Monday, May 3, 2010
The Genius of Free Jazz: Archie Shepp- Three Savage Sons of Shepp
Here's a trifecta of Archie Shepp records:
Yasmina, A Black Woman (1969):
A typical Shepp album, in that it starts with a free-blazing afro-inferno heavy on repetition and blowout saxing, then shifts to something more classical but still pretty wonky. The first track here is amazing, and the rest is just great.
(from wiki) Yasmina, a Black Woman is a jazz album by Archie Shepp, recorded in 1969 in Paris for BYG Actuel records. It features musicians from the Art Ensemble of Chicago. The first track, giving
its title to the album, is a long free jazz piece by an eleven-piece orchestra; in it, the references to Africa that Shepp had experimented with only a few weeks earlier in Algiers are to be found in the use of African percussion instruments, or the African incantations sung by Shepp himself at the beginning of the track. The other two pieces, a homage to Sonny Rollins written by trombonist Grachan Moncur III and a standard, played by a more traditional quintet and quartet respectively, are more reminiscent of the hard bop genre, although the fiery playing of the musicians, notably Shepp himself, gives them a definite avant-garde edge.
Blasé (1969): This is pretty bonkers even for Shepp, and one of my favorite of his by a long shot. Very little is blase about it, obviously. Opening on a dissonant harmonica and piano "blues" with an out-there vocal performance from Jeanne Lee, you can tell from the start that this is an intense and unusual record. A lot of people grumble about the primitive, musically unsound harmonicas, playing in the wrong key-- but I'm the kind of guy who says, hell with it, let the man be wrong and see how it sounds. Who cares about the rules of music when the jazz is free?
The next track is a menacing crawl with a great opening solo from Shepp... it's all perfectly lazy, languid, even... then Lee starts in with the poetry: "...you who shot your sperm into me... I give you a loaf of sugar and you tilt my womb 'till it runs! All of Ethiopia awaits you!" It's pretty amazing, powerful stuff. It may suffer accusations of camp from time to time but its far too earnest and righteous (and, in my opinion, simply good) to qualify for such demerits. And with Shepp, it's always about passion and anger with a hint of intellectual restraint. Then the harmonica juts in, playing what may be "Frere Jacques", and the sax again gets lazy and loud all over everything, and it's a fever dream, a weird little thing that is perfect. This track is incredible.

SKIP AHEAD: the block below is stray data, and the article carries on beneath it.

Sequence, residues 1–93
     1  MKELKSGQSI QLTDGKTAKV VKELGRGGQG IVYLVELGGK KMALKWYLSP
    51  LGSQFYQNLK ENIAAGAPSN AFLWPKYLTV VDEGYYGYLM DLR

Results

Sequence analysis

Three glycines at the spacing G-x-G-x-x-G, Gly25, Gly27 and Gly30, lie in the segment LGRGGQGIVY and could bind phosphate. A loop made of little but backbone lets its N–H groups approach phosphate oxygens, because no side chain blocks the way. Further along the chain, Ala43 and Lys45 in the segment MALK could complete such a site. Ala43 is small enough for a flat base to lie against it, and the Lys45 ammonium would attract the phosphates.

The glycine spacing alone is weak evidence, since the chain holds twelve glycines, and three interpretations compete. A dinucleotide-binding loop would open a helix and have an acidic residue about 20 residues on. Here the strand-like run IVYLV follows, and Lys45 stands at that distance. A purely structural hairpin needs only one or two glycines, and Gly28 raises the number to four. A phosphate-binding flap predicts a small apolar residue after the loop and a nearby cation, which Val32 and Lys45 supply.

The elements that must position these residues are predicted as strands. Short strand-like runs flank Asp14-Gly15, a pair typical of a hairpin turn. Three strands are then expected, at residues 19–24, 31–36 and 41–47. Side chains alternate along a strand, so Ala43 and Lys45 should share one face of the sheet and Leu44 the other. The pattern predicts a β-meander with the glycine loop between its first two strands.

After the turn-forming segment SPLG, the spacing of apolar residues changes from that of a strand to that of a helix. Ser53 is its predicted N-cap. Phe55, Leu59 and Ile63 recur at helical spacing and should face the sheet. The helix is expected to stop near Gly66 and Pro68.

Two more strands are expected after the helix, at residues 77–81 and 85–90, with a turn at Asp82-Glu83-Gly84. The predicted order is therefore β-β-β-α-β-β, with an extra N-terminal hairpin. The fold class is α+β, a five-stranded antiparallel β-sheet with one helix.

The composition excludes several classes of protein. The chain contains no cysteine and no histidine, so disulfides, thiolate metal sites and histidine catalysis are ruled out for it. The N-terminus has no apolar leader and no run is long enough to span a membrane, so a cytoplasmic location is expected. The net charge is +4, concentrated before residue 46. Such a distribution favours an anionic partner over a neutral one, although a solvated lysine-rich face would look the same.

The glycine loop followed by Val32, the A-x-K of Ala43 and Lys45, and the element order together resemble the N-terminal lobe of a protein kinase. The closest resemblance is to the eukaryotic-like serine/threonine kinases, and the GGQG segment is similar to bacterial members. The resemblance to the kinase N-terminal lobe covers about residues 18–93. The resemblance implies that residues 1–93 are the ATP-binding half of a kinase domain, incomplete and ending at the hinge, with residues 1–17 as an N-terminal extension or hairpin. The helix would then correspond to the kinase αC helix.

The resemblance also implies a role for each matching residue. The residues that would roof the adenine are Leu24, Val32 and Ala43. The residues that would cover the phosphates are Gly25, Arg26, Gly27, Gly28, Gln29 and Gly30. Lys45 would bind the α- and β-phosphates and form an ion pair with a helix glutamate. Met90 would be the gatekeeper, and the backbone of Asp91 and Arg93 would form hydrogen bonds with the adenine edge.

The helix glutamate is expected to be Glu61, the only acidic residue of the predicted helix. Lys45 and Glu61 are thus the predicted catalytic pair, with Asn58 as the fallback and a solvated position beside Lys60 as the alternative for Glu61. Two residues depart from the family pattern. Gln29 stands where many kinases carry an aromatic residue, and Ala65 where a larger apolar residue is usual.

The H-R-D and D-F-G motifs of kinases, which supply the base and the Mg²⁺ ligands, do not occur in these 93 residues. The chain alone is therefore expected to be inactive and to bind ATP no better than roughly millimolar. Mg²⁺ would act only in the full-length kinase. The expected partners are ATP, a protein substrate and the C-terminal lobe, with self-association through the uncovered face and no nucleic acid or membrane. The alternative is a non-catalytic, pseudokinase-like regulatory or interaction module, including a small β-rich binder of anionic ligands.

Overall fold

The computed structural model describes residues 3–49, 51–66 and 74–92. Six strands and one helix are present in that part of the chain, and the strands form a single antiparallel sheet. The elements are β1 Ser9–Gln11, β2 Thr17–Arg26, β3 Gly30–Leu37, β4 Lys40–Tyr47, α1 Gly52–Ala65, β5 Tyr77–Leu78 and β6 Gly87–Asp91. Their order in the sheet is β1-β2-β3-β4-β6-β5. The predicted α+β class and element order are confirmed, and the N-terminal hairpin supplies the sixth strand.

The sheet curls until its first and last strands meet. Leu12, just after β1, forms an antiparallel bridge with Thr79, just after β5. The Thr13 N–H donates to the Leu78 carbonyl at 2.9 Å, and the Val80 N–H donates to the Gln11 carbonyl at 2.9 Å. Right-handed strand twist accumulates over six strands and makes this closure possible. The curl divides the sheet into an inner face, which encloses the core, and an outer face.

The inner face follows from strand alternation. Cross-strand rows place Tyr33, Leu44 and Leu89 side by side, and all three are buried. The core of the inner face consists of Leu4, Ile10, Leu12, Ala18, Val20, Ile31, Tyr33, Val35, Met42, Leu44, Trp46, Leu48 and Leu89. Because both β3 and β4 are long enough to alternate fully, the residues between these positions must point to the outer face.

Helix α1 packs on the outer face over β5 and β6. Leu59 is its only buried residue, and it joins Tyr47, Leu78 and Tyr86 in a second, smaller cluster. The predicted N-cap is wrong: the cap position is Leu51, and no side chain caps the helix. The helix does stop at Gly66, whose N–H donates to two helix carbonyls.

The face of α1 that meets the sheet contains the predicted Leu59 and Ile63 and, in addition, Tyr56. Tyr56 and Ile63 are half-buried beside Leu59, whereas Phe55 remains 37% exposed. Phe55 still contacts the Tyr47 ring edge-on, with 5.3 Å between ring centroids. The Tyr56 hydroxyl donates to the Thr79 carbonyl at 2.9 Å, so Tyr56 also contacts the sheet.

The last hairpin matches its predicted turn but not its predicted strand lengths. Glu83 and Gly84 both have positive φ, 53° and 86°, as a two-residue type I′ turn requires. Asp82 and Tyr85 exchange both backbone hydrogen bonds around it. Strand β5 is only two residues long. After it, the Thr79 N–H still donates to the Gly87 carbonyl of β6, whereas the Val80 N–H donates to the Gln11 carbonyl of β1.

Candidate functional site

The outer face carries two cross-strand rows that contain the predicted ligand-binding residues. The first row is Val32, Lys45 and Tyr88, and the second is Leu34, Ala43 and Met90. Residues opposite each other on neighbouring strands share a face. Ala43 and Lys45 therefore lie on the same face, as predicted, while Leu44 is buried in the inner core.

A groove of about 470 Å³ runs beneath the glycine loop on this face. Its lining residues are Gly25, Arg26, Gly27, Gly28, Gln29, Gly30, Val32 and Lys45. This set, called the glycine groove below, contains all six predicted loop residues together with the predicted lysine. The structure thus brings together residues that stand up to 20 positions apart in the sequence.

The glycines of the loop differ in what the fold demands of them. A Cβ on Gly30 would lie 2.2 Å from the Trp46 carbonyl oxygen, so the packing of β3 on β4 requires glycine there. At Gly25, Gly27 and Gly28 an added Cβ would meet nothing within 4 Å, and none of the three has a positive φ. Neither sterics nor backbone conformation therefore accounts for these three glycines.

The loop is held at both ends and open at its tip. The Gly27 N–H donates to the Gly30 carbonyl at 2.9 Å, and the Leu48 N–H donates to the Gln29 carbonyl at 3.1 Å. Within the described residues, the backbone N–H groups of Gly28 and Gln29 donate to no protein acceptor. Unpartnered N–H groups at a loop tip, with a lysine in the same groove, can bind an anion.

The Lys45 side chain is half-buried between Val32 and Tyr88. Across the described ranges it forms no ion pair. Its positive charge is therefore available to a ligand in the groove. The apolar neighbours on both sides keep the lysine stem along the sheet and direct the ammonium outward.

Side two gives us the expected: a traditional with an off-kilter arrangement from Shepp, and a Duke Ellington composition, both vocal, followed by a blowout that almost feels like an afterthought until it cools down and reveals itself to have a fascinating little coda. This is a very very good Shepp album if you don't mind things getting a little weird. Why would you?
Mama Too Tight (1966): Massive, massive blowouts with little revelations of calm and big smacks of marching tunes. Not one of my favorites, but certainly an excellent record. One of those monsters that shows as much sophistication and composition as it does savage savage improvisation.
wiki: Mama Too Tight is an album by Archie Shepp released on Impulse! Records in 1966. The album contains tracks recorded by Shepp, Tommy Turrentine, Grachan Moncur III, Roswell Rudd, Howard Johnson, Perry Robinson, Charlie Haden and Beaver Harris in August 1966. The Allmusic review by Thom Jurek states "Shepp had hit his stride here compositionally... lots of free blowing, angry bursts of energy, and shouts of pure revelry are balanced with Ellingtonian elegance and restraint that was considerable enough to let the lyric line float through and encourage more improvisation. This is Shepp at his level best"
MAMA TOO TIGHT (256)
More Shepp to come. I have more.
And of course if you want his best album, go here.